Cheney Believes Russian Use of Chemical Weapons in Ukraine Warrants NATO Intervention

Rep. Liz Cheney (R-Wyo) said Sunday that Russian forces using chemical weapons in Ukraine would be a “red line” for the U.S. and NATO to enter the conflict. On Meet the Press, the GOP House member said the West needs to stop telling Putin what we will not do and keep all options on the table.

Unmistakably, the minute NATO — which means U.S. — boots are on the ground in Ukraine, that’s the start of global war. And to be clear, does Cheney or any other advocate for “red lines” or no-fly zones believe Putin will not use his nuclear arsenal if backed into a corner?

Cheney — who has never served in the U.S. military — went on to speculate that the Russian military is not as powerful as Putin or the West believed before the invasion. She added the U.S. should make its willingness known to “change the calculation.”

Cheney is not alone in her “red line” statement. Though not using the specific term, U.S. Ambassador to the U.N. Linda Thomas-Greenfield declared Sunday that the response will be “aggressive” if Russia uses chemical weapons in Ukraine.

Former President Barack Obama used “red line” in 2013 while threatening the Syrian government with airstrikes in the event it used chemical weapons in its civil war. President Donald Trump four years later launched a missile strike on Syria after a chemical attack by President Bashar Assad’s forces.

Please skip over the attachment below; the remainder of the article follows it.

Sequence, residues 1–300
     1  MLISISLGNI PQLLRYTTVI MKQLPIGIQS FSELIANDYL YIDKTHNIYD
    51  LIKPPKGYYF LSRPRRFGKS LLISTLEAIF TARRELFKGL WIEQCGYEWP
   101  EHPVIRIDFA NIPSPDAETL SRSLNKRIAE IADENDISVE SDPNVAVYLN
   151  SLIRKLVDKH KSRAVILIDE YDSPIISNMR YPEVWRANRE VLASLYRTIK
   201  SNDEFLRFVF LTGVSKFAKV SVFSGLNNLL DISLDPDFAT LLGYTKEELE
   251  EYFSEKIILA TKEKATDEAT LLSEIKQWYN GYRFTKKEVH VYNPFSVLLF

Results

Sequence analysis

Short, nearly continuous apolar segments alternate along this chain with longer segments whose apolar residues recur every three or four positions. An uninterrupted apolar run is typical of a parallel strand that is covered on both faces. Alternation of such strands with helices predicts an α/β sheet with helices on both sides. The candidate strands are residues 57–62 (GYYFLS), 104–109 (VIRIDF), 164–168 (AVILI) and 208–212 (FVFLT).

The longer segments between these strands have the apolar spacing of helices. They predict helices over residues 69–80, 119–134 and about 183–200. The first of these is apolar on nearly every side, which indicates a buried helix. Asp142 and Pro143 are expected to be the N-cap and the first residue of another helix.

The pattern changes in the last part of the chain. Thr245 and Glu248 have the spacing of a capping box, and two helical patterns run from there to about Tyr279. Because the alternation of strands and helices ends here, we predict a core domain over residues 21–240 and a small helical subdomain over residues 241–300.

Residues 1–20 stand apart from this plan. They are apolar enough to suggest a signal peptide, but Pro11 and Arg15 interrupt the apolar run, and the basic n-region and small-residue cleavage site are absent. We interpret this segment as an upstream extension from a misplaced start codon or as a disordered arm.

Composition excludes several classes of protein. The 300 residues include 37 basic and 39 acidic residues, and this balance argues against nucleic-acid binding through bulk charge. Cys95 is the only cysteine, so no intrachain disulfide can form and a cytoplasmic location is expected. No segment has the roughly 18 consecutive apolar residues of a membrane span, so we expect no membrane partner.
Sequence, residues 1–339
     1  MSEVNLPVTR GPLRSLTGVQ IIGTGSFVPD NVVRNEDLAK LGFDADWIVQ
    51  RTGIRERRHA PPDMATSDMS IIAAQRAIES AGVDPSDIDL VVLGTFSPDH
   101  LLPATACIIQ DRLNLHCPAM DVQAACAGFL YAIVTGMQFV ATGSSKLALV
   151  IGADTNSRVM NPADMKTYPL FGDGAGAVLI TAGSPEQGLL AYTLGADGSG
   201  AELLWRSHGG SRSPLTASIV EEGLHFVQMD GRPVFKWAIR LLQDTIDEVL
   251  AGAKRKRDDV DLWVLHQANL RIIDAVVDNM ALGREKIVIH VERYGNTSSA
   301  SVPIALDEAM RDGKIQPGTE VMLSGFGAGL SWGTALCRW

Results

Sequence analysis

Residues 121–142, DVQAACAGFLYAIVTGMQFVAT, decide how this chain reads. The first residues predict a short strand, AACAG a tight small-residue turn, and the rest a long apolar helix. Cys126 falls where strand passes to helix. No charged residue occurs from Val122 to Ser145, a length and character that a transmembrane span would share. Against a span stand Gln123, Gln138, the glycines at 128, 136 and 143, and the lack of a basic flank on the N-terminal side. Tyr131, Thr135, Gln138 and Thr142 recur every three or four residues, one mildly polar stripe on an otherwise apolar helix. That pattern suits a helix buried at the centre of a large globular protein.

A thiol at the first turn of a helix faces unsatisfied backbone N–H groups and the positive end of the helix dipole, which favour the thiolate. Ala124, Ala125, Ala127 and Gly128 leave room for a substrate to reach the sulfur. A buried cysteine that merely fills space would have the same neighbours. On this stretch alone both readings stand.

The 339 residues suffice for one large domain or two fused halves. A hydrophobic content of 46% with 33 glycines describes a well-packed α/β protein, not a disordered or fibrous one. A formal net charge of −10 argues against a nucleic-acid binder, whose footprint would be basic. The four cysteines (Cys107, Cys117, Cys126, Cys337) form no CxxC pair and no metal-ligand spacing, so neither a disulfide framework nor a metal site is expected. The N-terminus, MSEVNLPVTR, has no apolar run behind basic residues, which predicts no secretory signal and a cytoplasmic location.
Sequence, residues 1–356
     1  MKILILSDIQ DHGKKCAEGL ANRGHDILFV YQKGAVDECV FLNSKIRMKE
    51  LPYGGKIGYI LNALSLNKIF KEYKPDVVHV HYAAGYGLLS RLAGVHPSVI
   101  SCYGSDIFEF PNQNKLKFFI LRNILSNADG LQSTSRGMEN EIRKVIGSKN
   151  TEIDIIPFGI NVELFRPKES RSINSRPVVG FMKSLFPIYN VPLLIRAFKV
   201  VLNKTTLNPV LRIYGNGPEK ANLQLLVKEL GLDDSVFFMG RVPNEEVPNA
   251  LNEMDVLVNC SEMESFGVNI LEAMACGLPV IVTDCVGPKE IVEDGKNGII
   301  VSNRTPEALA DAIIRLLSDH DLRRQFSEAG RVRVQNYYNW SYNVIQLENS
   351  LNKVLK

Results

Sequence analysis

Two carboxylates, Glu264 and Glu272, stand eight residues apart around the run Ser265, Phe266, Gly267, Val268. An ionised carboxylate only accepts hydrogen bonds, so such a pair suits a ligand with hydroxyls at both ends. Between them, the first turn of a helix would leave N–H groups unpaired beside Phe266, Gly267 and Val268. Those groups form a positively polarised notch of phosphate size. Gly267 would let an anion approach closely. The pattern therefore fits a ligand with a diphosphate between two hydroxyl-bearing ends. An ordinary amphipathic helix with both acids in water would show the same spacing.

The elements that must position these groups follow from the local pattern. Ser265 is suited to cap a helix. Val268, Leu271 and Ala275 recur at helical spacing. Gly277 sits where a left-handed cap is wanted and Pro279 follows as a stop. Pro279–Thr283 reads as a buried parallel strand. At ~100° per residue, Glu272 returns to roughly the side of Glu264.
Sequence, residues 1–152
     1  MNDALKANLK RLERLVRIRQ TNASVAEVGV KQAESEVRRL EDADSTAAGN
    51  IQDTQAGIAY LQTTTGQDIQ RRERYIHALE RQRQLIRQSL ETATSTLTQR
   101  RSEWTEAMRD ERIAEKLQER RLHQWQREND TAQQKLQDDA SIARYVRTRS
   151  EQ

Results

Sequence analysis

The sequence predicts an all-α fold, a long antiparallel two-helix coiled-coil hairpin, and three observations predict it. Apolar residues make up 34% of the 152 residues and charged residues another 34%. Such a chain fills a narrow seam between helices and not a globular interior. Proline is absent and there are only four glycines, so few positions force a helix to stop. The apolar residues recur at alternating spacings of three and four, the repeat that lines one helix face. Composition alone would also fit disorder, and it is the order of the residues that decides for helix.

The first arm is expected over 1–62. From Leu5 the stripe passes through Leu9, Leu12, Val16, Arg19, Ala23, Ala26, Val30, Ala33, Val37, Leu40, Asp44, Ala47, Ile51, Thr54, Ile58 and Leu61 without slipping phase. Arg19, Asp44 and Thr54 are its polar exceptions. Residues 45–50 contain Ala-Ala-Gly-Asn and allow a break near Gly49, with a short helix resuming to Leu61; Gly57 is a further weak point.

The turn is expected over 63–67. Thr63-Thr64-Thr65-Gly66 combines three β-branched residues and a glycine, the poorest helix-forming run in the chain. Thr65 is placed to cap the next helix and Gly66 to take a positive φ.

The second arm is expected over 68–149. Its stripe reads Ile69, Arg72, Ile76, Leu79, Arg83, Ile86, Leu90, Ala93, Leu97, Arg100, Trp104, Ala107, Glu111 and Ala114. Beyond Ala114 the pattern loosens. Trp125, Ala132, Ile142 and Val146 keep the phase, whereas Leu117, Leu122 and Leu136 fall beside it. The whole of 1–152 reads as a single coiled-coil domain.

The Kremlin earlier this month accused the U.S. of developing chemical or biological weapons in Ukrainian laboratories. Disinformation poured out of Moscow as well as China, and many in the Ukraine and U.S. are concerned Russia is setting up a “false flag” operation against Ukrainian targets.

As Ukrainian President Volodymyr Zelenskyy noted, a great clue to Russian intentions is in what they accuse others of planning.

The facts are the U.S. supports public health and veterinary health labs in Ukraine and several other former Soviet-bloc countries. The program began in 1991 with the fall of the Soviet Union to help secure and dismantle biochemical weapons programs in several of the new nations.

What Cheney and some of her congressional colleagues should consider is not some supposed weakness in the Russian military, despite the gallant opposition thrown in its path by Ukrainian forces. Instead, the focus has to be on Putin’s nuclear arsenal, which is clearly not weak, and the specter of an aging and unstable authoritarian backed into a corner with thousands of nuclear triggers at his fingertips.